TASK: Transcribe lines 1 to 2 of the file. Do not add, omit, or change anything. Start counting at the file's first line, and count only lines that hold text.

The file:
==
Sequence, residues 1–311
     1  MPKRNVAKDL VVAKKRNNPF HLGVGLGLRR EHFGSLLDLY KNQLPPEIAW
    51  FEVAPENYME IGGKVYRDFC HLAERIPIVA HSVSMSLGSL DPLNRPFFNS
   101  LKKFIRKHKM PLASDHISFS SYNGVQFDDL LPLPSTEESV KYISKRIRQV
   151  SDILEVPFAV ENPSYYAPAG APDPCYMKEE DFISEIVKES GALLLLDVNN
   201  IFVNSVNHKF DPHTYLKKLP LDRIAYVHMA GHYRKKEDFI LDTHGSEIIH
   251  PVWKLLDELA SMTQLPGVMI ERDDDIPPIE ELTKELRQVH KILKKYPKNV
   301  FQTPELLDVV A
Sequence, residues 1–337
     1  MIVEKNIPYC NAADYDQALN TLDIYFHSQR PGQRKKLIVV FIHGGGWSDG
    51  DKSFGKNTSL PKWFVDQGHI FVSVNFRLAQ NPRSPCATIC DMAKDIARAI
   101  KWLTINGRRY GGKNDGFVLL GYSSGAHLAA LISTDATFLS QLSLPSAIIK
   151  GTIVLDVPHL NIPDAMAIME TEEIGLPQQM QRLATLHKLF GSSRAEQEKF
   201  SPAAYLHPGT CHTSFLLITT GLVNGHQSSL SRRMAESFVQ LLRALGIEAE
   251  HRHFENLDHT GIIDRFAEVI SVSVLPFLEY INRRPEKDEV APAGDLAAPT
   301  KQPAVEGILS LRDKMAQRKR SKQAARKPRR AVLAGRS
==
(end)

Sequence, residues 1–311
     1  MPKRNVAKDL VVAKKRNNPF HLGVGLGLRR EHFGSLLDLY KNQLPPEIAW